My encounters with flora at the tide’s reach. Part 1.

Jun 3, 2020 | Blog

We invited Heath Nickels a wildlife and wildflower enthusiast to write a blog about flora at the tide’s reach after a walk we made between Exton and the mouth of the Clyst. Tidelines is very much about valuing all our experiences and knowledge of the Exe whether you are a professional, a resident, a walker or a visitor. It builds a wider picture of the estuary and coastline. So further blogs are welcome. Over to you Heath…

Image from My Devon Year

About five years ago, a chance conversation about a book, published in 1904, changed my whole outlook on wildflowers. Up until then, I would quite happily wander along a path or a lane, even the dunes, and have very little idea about the wildflowers  I was passing by.

This book changed that. It was written by a Devon author called Eden Phillpotts and entitled ‘My Devon Year’.

It appealed to my curiosity for place – a need to know exactly where locations are, in the world. Each chapter is a very highly descriptive narration of a different part of Devon and scattered within these thoughts, are a catalogue of the wildflowers that he found on his travels. 

Thus, I became determined to teach myself the names of these species I once walked by, and to see whether the flowers, from over a hundred years ago, are still here in Devon.

One chapter is called ‘Sand-Dunes’ and is a description of a trip to Dawlish Warren, by Phillpotts. He writes about the wildflowers found there and has the following passage on the Exe:

“Then the estuary of the river stretches like a band of silver, and in the distance, under the haze of Summer, there lie woodlands and cornfields upon the bosom of a hill.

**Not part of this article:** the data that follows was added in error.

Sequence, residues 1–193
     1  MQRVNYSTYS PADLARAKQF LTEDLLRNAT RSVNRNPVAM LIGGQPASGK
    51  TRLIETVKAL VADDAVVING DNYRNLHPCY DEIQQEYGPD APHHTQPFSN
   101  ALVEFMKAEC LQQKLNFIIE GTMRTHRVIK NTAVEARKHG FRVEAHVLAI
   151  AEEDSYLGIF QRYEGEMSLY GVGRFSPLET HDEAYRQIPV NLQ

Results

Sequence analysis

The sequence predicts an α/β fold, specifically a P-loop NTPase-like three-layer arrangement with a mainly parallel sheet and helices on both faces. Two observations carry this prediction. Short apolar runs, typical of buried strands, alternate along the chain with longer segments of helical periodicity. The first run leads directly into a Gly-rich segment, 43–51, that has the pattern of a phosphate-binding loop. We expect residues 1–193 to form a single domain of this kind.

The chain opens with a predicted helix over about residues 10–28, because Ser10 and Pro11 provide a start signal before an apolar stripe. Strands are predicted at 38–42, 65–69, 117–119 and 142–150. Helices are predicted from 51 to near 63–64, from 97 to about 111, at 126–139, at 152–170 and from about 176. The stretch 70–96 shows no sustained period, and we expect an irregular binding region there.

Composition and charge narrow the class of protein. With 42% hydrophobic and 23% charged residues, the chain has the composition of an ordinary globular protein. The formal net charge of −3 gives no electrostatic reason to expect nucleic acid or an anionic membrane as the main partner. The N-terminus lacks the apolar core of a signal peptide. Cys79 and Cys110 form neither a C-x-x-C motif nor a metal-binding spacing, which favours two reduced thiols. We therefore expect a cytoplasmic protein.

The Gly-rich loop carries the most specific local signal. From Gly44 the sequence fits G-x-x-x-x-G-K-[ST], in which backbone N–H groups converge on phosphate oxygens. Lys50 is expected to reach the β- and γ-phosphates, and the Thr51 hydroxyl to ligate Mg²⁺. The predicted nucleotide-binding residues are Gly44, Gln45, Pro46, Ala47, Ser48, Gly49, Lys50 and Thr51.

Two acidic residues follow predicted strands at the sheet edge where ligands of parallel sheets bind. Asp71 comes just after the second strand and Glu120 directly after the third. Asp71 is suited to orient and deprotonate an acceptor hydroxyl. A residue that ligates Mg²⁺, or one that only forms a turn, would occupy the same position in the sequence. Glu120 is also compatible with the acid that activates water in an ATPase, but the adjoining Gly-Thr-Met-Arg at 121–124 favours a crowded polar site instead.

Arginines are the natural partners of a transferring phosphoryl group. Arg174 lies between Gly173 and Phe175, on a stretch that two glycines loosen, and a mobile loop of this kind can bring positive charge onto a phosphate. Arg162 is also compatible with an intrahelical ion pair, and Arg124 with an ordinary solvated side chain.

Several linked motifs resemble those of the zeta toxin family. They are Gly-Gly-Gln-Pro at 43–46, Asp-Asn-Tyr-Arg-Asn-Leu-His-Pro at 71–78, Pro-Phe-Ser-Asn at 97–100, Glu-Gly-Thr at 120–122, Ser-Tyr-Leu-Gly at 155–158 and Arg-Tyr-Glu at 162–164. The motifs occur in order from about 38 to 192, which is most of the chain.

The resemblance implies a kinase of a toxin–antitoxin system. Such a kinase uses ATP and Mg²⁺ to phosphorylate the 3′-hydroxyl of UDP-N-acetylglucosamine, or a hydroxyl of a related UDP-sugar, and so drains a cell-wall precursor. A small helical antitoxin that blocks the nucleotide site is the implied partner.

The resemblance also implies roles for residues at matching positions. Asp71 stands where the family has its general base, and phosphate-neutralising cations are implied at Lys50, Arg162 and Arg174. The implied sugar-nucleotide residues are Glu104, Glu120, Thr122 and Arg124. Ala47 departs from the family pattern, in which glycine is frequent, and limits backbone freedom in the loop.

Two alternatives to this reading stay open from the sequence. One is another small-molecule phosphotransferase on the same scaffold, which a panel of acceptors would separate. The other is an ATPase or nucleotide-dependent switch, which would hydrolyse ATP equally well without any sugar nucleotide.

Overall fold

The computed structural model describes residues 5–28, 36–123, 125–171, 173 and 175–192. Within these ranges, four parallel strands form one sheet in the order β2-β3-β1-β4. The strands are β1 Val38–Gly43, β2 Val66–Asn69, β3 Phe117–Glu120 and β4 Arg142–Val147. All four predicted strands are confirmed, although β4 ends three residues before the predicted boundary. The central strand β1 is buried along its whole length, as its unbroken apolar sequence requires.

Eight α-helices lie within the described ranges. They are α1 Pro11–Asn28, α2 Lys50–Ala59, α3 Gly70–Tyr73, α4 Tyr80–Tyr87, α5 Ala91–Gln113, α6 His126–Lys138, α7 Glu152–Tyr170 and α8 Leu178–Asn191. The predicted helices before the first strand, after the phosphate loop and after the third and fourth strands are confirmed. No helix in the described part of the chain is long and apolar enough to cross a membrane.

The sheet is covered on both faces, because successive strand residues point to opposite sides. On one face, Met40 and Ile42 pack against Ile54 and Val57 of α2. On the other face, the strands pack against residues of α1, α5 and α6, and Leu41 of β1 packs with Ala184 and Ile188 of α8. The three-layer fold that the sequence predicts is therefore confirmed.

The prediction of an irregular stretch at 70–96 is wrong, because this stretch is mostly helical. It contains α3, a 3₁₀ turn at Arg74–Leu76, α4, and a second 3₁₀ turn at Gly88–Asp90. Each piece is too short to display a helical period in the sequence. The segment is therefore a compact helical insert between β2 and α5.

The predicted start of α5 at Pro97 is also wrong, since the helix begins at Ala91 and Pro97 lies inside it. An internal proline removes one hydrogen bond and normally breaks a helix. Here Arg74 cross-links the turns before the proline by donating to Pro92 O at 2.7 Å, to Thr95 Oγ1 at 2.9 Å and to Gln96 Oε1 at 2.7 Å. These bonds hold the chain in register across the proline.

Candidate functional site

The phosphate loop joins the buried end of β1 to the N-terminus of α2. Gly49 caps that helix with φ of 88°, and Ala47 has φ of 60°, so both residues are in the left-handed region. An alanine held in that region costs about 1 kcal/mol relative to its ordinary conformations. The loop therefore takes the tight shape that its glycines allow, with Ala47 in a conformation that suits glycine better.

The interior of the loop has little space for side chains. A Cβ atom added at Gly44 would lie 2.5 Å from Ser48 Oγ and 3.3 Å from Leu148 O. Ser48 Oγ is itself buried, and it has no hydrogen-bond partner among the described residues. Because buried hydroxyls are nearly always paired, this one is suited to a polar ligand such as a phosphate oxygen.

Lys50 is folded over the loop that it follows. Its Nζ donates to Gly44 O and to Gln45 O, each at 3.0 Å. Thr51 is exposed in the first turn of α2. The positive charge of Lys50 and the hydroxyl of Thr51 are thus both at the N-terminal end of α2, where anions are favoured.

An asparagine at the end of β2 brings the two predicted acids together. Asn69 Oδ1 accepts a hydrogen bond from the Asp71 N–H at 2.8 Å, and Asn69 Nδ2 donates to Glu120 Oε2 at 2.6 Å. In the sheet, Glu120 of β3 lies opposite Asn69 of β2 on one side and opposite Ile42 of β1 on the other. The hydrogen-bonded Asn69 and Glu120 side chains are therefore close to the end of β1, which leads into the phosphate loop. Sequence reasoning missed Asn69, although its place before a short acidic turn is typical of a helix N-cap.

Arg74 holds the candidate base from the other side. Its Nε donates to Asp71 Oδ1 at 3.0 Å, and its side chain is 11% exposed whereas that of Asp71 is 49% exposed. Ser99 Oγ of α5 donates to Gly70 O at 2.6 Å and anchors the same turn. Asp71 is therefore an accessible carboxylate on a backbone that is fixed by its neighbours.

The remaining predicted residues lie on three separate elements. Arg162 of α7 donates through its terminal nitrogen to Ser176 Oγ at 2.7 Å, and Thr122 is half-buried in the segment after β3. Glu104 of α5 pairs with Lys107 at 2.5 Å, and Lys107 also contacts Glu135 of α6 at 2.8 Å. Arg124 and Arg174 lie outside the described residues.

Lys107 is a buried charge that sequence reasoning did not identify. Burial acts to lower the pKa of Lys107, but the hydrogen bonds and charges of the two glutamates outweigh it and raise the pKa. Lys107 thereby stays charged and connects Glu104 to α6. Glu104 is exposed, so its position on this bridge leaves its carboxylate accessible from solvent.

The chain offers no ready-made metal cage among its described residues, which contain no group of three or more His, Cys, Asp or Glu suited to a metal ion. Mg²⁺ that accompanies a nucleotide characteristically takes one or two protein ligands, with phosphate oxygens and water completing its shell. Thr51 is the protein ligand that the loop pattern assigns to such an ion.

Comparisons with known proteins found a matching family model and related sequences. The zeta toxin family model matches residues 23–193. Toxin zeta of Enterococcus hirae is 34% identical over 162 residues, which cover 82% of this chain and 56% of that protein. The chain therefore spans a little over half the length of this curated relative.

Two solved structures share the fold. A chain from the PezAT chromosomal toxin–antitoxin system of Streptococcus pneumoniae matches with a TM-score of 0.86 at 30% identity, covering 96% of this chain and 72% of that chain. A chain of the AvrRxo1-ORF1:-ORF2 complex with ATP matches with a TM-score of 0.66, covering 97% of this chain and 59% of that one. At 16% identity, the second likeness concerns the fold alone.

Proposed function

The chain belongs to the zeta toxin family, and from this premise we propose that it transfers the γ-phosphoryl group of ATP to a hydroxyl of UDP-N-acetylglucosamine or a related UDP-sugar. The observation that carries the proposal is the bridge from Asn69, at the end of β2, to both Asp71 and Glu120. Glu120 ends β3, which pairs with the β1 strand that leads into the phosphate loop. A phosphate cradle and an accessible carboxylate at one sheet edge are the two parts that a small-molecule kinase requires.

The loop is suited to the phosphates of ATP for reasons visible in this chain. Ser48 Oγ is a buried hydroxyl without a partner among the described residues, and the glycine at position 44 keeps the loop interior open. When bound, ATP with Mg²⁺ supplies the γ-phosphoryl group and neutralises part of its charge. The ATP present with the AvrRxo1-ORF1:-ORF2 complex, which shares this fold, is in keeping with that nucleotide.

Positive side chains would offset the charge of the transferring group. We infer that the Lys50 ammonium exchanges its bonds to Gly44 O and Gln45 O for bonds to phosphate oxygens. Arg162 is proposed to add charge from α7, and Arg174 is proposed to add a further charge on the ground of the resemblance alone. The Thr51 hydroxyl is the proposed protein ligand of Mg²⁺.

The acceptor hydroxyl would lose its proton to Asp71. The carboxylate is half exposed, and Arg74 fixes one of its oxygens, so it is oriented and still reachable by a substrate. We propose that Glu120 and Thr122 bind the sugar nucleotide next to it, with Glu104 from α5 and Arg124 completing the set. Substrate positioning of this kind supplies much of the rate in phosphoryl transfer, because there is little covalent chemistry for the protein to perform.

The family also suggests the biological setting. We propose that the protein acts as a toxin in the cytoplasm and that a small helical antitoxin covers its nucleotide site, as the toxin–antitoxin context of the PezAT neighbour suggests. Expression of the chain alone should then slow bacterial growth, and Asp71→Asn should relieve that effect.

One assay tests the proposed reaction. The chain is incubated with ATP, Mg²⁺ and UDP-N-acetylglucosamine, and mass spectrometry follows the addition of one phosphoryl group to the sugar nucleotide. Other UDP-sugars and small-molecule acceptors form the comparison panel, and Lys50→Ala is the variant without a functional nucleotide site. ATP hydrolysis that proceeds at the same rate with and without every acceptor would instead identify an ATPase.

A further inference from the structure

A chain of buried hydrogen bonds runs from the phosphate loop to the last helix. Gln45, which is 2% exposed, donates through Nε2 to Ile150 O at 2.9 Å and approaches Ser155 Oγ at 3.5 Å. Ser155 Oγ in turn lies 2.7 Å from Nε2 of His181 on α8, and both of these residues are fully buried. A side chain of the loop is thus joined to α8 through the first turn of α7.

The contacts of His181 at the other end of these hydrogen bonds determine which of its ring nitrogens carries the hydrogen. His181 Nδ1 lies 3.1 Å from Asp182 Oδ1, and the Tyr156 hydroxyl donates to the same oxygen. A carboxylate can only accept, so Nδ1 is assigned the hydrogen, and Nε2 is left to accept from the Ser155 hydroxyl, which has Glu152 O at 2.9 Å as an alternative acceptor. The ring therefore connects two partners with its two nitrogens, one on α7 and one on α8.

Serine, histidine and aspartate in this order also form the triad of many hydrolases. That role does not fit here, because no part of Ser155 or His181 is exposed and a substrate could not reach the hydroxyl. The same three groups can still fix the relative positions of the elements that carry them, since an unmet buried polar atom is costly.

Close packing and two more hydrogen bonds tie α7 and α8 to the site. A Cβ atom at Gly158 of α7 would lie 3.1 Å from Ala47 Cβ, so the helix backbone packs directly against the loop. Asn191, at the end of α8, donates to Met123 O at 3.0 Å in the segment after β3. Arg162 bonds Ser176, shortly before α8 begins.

I have seen dawn upon the Exe, and can remember how a great mist rolled down the river to meet the morning. In billows it came under a breeze from the shore, hid all the heron-haunted flats and marshes, heather ridges and sleepy dunes; then the risen sun touched it, and it waned gloriously in a rosy glow against the increasing blue of the sky; while from its depths stole Exe to the sea; and I saw red cliffs and marble beaches and fishers with bright sails setting forth into an ocean of light.”

So now, five years on, I am taking the spirit of Phillpotts onto the Exe – I want to know, apart from other things, what wildflowers, and other kinds of flora, can be encountered there… (read My Encounters with Flora, Part two)

Heath Nickels

My encounters with flora at the tide’s reach. Part 2.

My encounters with flora at the tide’s reach. Part 2.

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